Charles E. Dibble

From Wikipedia, the free encyclopedia
Jump to: navigation, search

Charles E. Dibble (18 August 1909 – 30 November 2002)[1] was an American academic, anthropologist, linguist, and scholar of pre-Columbian Mesoamerican cultures. A former Distinguished Professor of Anthropology at the University of Utah, Dibble retired in 1978 after an association with the university as lecturer and researcher spanning four decades.[2] Post-retirement Dibble continued to conduct and publish research in his area of expertise, studies of Mesoamerican historical literature and the historiography of conquest-era Mesoamerican cultures, in particular those of the Aztec and others of the central Mexican altiplano. Among many contributions to the field Dibble is perhaps most recognised for his collaboration with colleague Arthur J.O. Anderson, producing the modern annotated translation into English of the volumes of the Florentine Codex.

Born in Layton, Utah,[3] Dibble attended the University of Utah, obtaining a B.A. in history in 1936. Dibble traveled to Mexico in the year preceding his graduation, and his experiences there shaped the direction of his future career as a Mesoamericanist scholar. Dibble enrolled at the Universidad Nacional Autónoma de México (UNAM) in Mexico City for postgraduate studies, completing a Master's degree in anthropology in 1938. Upon receiving his MA Dibble gained a teaching position at his alma mater in Utah commencing in 1939, where he would be based for the remainder of his long academic career. At the same time he pursued his doctoral studies at UNAM, and was awarded his PhD from UNAM in 1942. Dibble also undertook a year's post-doctoral work at Harvard, in 1943. In 1994, a festschrift entitled Chipping away on earth: studies in prehispanic and colonial Mexico in honor of Arthur J.O. Anderson and Charles E. Dibble [4] was published.

Notes[edit]

  1. ^ Birth date information sourced from Library of Congress Authorities data, via corresponding WorldCat Identities linked authority file (LAF) . Death date from U News Center (2002).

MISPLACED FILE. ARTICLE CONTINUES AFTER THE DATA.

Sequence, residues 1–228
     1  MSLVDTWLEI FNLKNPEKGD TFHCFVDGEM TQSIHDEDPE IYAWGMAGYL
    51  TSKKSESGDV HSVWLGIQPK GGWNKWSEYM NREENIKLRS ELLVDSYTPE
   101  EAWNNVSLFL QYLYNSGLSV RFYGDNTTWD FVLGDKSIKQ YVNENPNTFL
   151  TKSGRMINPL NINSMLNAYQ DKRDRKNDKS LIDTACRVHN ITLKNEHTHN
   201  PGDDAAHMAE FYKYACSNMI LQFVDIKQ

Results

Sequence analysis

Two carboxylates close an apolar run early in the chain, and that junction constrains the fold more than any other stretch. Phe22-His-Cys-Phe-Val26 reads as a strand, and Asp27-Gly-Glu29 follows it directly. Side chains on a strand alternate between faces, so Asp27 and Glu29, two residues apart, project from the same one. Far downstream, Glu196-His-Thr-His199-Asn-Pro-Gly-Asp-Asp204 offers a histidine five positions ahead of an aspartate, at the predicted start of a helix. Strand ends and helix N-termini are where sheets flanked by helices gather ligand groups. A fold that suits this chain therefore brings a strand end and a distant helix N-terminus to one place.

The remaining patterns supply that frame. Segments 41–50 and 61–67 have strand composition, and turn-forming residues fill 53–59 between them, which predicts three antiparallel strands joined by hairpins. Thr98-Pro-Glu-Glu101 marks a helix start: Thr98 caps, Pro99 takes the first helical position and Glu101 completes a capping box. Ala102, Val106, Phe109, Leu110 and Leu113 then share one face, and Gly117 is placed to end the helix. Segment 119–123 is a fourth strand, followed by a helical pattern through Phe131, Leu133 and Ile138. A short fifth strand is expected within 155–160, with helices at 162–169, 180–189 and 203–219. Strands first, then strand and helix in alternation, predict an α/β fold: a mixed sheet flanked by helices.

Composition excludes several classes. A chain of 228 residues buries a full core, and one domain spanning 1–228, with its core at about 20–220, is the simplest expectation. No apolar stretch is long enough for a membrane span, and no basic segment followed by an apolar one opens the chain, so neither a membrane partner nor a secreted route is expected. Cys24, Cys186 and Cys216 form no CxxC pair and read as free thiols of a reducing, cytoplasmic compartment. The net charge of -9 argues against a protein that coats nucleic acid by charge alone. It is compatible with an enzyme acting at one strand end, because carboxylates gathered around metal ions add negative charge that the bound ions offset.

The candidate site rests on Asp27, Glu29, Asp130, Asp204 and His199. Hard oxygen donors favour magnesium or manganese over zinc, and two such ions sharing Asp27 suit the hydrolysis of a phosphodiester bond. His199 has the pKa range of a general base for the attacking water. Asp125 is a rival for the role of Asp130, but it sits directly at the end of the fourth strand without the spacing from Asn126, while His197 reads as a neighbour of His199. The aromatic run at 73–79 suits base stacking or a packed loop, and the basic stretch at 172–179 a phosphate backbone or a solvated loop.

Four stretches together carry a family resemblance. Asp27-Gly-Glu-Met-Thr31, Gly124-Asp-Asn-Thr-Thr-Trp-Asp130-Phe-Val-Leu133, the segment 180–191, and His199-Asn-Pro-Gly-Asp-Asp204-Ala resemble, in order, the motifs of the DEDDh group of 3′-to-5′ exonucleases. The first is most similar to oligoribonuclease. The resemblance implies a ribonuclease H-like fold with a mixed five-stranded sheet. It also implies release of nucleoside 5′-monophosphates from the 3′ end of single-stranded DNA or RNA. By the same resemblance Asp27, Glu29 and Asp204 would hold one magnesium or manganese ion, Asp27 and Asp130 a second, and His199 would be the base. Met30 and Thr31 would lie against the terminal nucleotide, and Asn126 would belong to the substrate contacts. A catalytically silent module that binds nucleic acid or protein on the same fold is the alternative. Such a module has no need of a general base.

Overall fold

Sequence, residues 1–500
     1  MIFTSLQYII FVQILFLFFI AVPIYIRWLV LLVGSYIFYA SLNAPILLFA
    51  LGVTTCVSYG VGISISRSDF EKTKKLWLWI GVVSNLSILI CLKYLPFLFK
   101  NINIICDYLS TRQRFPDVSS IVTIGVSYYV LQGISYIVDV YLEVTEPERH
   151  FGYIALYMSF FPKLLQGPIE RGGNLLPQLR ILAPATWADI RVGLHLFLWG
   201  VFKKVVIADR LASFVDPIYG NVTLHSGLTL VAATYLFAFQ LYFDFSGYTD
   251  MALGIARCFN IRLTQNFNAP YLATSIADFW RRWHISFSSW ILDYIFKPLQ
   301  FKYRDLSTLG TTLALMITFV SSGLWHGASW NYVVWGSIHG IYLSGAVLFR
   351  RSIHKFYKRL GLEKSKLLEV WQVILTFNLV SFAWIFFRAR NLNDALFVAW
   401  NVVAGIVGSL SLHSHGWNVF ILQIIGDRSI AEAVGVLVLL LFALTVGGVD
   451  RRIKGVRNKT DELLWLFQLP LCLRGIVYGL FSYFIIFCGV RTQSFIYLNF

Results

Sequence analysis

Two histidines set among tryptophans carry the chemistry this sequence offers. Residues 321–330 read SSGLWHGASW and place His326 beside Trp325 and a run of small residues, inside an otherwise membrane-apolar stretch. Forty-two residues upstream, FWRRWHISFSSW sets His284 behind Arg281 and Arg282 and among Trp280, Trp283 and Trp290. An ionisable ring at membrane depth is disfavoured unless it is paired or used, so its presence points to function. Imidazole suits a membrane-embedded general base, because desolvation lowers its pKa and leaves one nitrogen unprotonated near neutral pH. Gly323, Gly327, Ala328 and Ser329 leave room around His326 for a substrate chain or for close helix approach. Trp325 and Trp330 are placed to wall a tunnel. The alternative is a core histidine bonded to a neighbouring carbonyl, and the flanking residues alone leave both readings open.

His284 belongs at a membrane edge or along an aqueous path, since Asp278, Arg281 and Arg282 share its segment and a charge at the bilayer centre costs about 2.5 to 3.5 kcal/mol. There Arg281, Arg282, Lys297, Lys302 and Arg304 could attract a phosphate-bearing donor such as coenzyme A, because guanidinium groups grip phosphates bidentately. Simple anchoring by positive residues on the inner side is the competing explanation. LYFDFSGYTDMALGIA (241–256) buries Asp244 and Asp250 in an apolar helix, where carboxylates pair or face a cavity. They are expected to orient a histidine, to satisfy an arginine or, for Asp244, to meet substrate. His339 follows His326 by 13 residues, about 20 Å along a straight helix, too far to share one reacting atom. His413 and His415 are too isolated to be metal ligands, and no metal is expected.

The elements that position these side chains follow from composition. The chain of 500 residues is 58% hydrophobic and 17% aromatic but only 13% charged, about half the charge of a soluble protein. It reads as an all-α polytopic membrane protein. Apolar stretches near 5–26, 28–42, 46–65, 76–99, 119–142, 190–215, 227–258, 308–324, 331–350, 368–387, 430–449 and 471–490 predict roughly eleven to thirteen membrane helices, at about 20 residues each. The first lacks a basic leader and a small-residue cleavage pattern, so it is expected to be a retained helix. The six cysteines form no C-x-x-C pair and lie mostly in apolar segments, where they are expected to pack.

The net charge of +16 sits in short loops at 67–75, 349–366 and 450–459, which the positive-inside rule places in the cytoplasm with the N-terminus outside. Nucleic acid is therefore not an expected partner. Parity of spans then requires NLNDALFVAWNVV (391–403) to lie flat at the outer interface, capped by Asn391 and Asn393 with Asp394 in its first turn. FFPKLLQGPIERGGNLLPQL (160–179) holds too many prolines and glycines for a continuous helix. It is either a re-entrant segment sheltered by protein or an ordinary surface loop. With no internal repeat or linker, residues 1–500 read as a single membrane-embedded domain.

2. ^ U News Center (2002)
  3. ^ Lazar (2000)
  4. ^ Eloise Quinones Keber, editor with the assistance of Susan Schroeder and Frederic Hicks, 1994: Lancaster CA, Labyrinthos.

References[edit]

Andrews, J. Richard (2003). Introduction to Classical Nahuatl (revised ed.). Norman: University of Oklahoma Press. ISBN 0-8061-3452-6. OCLC 50090230. 
Lazar, Elise (Fall 2000). "Aztec Civilization, Revealed: A tribute to Charles Dibble". Continuum: the magazine of the University of Utah (Salt Lake City: University of Utah Alumni Association) 10 (2). OCLC 173715916. Retrieved 2008-10-09. 
Lockhart, James (1999). Of Things of the Indies: Essays Old and New in Early Latin American History. Stanford, CA: Stanford University Press. ISBN 0-8047-3809-2. OCLC 41564990. 
Poole, Stafford (2006). The Guadalupan Controversies in Mexico. Stanford, CA: Stanford University Press. ISBN 978-0-8047-5252-7. OCLC 64427328. 
Sahagún, Bernardino de (1950–82) [ca. 1540–85]. Florentine Codex: General History of the Things of New Spain, 13 vols. in 12. vols. I-XII. Charles E. Dibble and Arthur J.O. Anderson (eds., trans., notes and illus.) (translation of Historia General de las Cosas de la Nueva España ed.). Santa Fe, NM and Salt Lake City: School of American Research and the University of Utah Press. ISBN 0-87480-082-X. OCLC 276351. 
"U Distinguished Professor of Anthropology Professor Charles Dibble Dies" (Press release). U News Center. December 5, 2002. Retrieved 2008-10-09. 

External links[edit]